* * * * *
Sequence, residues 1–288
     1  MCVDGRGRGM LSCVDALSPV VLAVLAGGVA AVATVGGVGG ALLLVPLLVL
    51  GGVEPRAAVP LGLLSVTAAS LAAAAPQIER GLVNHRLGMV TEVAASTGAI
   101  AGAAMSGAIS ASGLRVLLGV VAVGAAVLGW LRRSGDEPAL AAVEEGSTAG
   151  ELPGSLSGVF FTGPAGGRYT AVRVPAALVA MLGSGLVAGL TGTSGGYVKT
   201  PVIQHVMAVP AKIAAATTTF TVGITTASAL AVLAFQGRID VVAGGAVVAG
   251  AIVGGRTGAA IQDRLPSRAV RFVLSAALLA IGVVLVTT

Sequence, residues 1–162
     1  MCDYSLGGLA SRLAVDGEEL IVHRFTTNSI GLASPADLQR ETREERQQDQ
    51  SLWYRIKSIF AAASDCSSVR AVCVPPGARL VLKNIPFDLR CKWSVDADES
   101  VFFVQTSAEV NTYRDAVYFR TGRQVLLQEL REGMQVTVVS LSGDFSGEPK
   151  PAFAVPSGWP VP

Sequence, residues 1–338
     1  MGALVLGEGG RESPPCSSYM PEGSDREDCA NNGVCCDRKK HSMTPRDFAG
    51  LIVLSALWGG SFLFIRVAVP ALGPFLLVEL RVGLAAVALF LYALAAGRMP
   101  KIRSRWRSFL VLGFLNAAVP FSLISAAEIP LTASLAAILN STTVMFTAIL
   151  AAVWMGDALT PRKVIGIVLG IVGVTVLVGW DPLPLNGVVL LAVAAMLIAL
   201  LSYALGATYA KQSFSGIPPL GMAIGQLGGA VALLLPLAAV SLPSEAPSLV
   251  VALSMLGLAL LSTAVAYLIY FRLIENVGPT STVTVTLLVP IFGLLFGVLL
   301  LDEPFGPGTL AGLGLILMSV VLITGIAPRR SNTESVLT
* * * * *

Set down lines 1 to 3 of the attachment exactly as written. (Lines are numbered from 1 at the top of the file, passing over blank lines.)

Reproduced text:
Sequence, residues 1–288
     1  MCVDGRGRGM LSCVDALSPV VLAVLAGGVA AVATVGGVGG ALLLVPLLVL
    51  GGVEPRAAVP LGLLSVTAAS LAAAAPQIER GLVNHRLGMV TEVAASTGAI